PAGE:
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Wednesday, 5 July, 2000, 20:03 GMT 21:03 UK
Cup keeps pressure on Brits
Lack of success at Wimbledon has again placed British tennis under scrutiny. But Britain's new Davis Cup captain, Roger Taylor, remains optimistic, as BBC Sport Online's Gabrielle Lewis reports.
Less than a week after the conclusion of Wimbledon, Great Britain's tennis players will find themselves back in the spotlight.
Although favourites to win their Davis Cup tie against Ecuador, the British quartet of Tim Henman, Greg Rusedski, Arvind Parmar and Barry Cowan have the weight of their country's hopes on their shoulders.
Failure against the South Americans will not only see Britain relegated from the elite World Group, it will also have a detrimental impact on the lower echelons of British tennis, and reignite the widespread criticism of the game in the country.
No-one knows this better than former Davis Cup player Roger Taylor, who took over the captaincy when David Lloyd was dismissed after the 4-1 hammering by the Czech Republic in February.
The three-times Wimbledon semi-finalist said: "It was a surprise to be named captain, but I'm proud to be involved.
The Ecuador match takes place from 14-16 July on Court One at Wimbledon, and being drawn at home will inevitably benefit the Brits.
Taylor said: "We're favourites to win, and we've got a huge advantage of having the home support. But this is a relegation match and one we must win if we want to stay in the World Group."
But the fact the match comes so soon after Wimbledon means that Ecuador's world number 16 Nicolas Lapentti goes into the tie having enjoyed an unusual amount of preparation time on grass.
Taylor warned: "We must not underestimate Ecuador at all. They've been at Wimbledon and will have had much more time to prepare than they've ever had. "
But how much confidence can Taylor have in his own players?
Rusedski has struggled with his form since undergoing an operation and went out in the first round, as did Cowan, and Parmar only lasted a round longer.
British number five and a former World Junior number one, Martin Lee, is only just returning from injury and number three, Jamie Delgado, is not 100 per cent fit.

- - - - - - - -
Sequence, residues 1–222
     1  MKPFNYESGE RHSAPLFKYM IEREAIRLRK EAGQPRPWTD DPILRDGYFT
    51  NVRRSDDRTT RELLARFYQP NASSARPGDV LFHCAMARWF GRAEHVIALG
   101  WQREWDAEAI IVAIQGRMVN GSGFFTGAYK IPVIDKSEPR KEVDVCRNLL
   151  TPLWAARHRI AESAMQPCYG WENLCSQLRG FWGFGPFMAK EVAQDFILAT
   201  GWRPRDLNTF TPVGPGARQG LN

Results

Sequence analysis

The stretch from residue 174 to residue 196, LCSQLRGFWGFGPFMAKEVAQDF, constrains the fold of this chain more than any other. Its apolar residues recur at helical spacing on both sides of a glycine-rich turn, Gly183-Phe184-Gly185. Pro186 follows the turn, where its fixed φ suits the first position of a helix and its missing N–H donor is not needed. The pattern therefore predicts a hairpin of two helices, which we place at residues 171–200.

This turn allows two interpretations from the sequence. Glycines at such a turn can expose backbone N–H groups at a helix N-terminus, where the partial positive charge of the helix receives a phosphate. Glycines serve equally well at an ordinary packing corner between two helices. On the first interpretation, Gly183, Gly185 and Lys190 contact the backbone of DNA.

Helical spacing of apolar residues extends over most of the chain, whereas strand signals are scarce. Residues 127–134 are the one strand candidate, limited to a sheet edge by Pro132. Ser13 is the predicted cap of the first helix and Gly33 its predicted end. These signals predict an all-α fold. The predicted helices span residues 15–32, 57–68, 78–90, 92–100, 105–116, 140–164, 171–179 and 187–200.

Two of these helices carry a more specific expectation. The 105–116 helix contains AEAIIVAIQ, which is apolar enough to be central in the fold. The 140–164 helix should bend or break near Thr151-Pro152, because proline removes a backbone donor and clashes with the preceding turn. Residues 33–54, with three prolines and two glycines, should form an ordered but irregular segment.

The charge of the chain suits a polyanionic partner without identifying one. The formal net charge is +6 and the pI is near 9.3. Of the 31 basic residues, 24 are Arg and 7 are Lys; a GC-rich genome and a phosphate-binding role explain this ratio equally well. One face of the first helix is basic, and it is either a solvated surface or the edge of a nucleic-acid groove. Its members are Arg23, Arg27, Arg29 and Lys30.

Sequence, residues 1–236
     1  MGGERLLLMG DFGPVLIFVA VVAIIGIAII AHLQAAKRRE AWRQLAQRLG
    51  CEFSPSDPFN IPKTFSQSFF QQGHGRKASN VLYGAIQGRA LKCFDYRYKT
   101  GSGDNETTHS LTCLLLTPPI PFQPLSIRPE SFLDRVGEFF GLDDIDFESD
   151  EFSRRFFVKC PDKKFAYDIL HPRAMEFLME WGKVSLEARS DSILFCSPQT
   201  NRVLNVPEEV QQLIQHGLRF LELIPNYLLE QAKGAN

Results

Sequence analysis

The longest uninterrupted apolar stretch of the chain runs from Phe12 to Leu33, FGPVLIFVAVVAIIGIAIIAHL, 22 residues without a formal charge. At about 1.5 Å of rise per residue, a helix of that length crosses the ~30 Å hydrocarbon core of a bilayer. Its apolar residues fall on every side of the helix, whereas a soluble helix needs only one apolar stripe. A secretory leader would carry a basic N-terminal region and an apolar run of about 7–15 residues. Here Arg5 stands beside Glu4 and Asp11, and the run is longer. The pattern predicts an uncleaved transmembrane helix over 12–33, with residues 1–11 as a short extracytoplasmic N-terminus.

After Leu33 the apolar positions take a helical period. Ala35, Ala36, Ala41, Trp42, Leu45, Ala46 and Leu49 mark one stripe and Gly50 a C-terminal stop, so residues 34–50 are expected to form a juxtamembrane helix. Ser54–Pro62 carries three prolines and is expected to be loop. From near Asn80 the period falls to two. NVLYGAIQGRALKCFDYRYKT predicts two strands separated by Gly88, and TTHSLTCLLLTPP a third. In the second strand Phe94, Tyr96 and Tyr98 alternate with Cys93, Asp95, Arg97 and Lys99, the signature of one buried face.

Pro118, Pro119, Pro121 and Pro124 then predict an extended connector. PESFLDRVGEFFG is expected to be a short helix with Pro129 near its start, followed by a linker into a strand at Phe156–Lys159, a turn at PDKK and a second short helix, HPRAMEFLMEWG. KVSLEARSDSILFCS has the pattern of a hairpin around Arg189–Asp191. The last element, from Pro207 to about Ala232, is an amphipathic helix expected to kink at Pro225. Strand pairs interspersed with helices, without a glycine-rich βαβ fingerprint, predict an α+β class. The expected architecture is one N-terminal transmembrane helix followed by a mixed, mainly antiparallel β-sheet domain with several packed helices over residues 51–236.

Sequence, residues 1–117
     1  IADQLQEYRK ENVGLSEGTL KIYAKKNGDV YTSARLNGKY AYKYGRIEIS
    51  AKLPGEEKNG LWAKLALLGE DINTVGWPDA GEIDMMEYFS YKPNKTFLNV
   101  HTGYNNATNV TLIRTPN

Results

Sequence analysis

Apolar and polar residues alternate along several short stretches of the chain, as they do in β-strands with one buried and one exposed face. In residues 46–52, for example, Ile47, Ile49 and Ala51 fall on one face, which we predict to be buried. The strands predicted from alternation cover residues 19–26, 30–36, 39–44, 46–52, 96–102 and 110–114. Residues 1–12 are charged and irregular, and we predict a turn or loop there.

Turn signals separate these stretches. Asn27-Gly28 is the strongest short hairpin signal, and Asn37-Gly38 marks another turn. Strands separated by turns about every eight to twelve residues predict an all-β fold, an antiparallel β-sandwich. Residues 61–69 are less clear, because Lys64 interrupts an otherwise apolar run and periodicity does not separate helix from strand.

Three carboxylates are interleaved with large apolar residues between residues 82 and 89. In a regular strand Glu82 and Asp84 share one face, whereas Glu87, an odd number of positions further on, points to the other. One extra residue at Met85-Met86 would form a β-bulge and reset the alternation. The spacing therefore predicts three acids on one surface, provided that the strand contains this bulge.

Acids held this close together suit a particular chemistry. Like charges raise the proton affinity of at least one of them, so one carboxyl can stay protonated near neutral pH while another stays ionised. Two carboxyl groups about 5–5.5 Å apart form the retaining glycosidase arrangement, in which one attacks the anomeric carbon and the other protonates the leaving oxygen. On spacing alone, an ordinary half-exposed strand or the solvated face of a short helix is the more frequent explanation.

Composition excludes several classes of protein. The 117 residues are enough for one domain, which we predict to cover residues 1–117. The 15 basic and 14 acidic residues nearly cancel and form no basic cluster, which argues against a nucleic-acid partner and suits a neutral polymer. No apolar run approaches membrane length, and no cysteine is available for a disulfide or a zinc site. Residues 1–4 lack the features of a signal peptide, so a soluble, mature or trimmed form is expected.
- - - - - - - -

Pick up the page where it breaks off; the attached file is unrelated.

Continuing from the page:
Taylor said: "We are lucky to have two great players [Henman and Rusedski] at the top, and any country would be delighted with that.
"But we have to think of ourselves as a four-man team, and Parmar and Cowan are very important parts of that team.
"But realistically we could increase the overall standard. We need to get more players inside the top 100.
"A lot is being done to achieve this and I'm very optimistic about British tennis."
So what are the chances of encouraging Alexander Popp, the 6'7" German who also holds a British passport, to join the fray following his run to the last eight at Wimbledon?
"That's a difficult question," Taylor admitted. "Popp has just come on the scene and I certainly didn't know he had a British passport.
"The main thing is that he will have to indicate that he's prepared to play for Britain."
Consequently, the Davis Cup ball and potentially the chance of becoming the new British number three is firmly in Popp's court.
05 Jul 00 | Wimbledon2000
Rafter eases past Popp
03 Jul 00 | The BBC Team
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Parmar makes Davis Cup squad
03 Jul 00 | Wimbledon2000
Henman crashes out with epic defeat
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